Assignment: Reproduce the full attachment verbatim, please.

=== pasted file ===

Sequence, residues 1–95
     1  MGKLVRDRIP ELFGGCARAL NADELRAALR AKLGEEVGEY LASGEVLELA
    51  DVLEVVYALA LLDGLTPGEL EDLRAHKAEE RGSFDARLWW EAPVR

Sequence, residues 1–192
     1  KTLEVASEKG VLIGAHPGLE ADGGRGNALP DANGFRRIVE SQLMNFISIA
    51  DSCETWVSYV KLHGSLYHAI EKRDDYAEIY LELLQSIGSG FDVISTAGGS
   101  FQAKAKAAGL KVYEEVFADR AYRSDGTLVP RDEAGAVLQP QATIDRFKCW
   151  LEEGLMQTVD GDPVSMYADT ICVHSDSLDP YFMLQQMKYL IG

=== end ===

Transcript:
Sequence, residues 1–95
     1  MGKLVRDRIP ELFGGCARAL NADELRAALR AKLGEEVGEY LASGEVLELA
    51  DVLEVVYALA LLDGLTPGEL EDLRAHKAEE RGSFDARLWW EAPVR

Sequence, residues 1–192
     1  KTLEVASEKG VLIGAHPGLE ADGGRGNALP DANGFRRIVE SQLMNFISIA
    51  DSCETWVSYV KLHGSLYHAI EKRDDYAEIY LELLQSIGSG FDVISTAGGS
   101  FQAKAKAAGL KVYEEVFADR AYRSDGTLVP RDEAGAVLQP QATIDRFKCW
   151  LEEGLMQTVD GDPVSMYADT ICVHSDSLDP YFMLQQMKYL IG